"There are a lot of questions that [haven't been] answered," she said. "There's several significant issues that will determine how much is available to people in the way of mental health services, both in the Medicaid expansion and in the exchanges."
Perhaps more importantly, it also remains to be seen whether the current system can meet the demand of the millions who will be eligible for services beginning in 2014. Even now, there exists a shortage of mental health care professionals who will accept Medicaid services, according to Embry Howell, a senior fellow in the health policy center at Urban Institute. While most experts agree that supply will eventually catch up with demand, the infrastructure to support substantially more individuals seeking mental health services will take time to develop.
"A lot of psychiatrists don't participate in the Medicaid program, and there's a question of whether they will, after these new expansions happen," Howell said. "[A lot of people] are going to come onto the program in those states that expand without a good supply of providers for them, so they'll be entitled to benefits that they haven't had in the past, but there may not be people stepping forward to serve them."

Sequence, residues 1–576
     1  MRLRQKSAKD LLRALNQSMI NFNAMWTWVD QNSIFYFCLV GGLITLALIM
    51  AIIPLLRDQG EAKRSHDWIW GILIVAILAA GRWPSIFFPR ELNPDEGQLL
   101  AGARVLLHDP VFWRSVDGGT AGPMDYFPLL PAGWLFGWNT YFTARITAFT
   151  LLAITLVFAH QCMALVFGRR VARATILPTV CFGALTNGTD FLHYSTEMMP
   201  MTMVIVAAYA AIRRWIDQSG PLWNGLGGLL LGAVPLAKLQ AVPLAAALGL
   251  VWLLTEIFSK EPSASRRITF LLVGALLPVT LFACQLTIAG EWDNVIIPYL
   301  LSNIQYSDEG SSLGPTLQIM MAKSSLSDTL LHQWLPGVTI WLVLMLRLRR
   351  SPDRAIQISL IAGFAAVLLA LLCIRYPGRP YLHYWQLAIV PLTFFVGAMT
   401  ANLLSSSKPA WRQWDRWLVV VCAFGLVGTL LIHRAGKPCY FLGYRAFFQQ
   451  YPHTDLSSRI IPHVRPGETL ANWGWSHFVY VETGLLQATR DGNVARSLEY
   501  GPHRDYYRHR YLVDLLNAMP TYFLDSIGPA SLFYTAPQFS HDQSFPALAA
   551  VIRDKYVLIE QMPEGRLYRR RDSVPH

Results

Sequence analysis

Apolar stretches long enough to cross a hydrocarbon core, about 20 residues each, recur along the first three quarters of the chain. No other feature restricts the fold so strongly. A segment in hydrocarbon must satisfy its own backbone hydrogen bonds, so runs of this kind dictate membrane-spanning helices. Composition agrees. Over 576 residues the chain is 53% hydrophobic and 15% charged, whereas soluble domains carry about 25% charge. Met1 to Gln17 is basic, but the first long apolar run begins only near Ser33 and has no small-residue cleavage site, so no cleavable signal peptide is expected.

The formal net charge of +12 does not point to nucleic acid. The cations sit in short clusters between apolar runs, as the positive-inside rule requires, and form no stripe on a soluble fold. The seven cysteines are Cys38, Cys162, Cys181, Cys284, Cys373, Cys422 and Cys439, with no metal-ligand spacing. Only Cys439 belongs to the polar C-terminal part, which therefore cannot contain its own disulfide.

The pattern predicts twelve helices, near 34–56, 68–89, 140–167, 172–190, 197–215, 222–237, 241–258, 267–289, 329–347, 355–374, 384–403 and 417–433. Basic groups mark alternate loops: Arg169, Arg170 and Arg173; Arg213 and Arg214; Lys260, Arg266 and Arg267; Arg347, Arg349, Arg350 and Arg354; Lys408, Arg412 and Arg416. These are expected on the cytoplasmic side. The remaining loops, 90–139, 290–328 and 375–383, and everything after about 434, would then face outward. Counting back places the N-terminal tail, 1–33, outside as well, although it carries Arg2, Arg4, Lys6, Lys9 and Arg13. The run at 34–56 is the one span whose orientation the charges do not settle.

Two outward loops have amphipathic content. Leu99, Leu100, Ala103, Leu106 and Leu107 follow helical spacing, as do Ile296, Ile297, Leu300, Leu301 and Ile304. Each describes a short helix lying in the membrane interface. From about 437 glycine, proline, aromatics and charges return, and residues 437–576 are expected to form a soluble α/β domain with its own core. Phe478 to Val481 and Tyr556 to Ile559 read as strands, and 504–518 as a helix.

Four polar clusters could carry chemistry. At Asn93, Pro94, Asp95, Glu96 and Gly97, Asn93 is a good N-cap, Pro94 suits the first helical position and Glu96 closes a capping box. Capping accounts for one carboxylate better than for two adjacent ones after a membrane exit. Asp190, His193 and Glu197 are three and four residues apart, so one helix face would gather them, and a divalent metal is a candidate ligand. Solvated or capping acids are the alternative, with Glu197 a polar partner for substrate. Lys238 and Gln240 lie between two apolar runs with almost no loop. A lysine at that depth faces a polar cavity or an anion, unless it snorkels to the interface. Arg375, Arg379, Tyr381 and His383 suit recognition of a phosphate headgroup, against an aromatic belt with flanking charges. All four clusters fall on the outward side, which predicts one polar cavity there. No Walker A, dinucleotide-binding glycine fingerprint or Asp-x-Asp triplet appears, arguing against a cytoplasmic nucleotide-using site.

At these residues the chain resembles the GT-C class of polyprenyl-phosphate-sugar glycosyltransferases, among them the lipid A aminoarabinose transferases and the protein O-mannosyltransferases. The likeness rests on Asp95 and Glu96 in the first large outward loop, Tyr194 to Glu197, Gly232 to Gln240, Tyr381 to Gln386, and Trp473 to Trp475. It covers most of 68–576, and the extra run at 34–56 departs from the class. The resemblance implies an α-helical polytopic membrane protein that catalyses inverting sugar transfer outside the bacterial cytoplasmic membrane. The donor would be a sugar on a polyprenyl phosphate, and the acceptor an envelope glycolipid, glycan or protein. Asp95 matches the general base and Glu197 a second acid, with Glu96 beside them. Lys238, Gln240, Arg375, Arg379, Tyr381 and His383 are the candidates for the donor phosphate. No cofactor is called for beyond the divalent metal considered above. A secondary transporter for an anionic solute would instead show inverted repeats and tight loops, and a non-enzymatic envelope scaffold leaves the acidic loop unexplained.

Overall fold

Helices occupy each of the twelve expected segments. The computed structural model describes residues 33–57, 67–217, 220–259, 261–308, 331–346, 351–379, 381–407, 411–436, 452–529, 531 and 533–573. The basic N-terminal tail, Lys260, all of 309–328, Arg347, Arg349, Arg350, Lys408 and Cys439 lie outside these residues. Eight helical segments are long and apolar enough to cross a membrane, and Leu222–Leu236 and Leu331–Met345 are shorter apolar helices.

Discrepancies between different states' Medicaid programs are not new, but the Supreme Court's June decision regarding the Medicaid expansion prevented the law from standardizing at least some aspects of healthcare across the country. Allowing states to make such disparate decisions with regard to care, Mathis cautioned, could create a system just as difficult to manage and coordinate as the one that exists today.
"As the federal government has now structured it, I think it's going to be 51 different packages, and that is going to be extraordinarily difficult for the federal government to monitor, evaluate, and keep track of, and to figure out now, in every state, what the gaps are."
If history is any indication, however, the current confusion will iron itself out in time. When the Children's Health Insurance Program was first rolled out, for example, only a few states adopted the full provisions at first. Over time, every state eventually expanded their program. And since the federal funding for this expansion is matched at a very favorable rate, states have significant incentive to opt in, both Miller and Mechanic said.
"It's like turning a battleship in a bathtub. Over the years, we've seen very slow progress in terms of expanding coverage, efforts to slow down the rate of increase in health care costs," Miller said. "Nobody expects this will happen overnight. But the way this has been addressed, through a comprehensive effort to increase coverage, slow down health care costs and improve care coordination and delivery of care, I think we'll begin to see significant progress even at the front door when this goes into effect in 2014."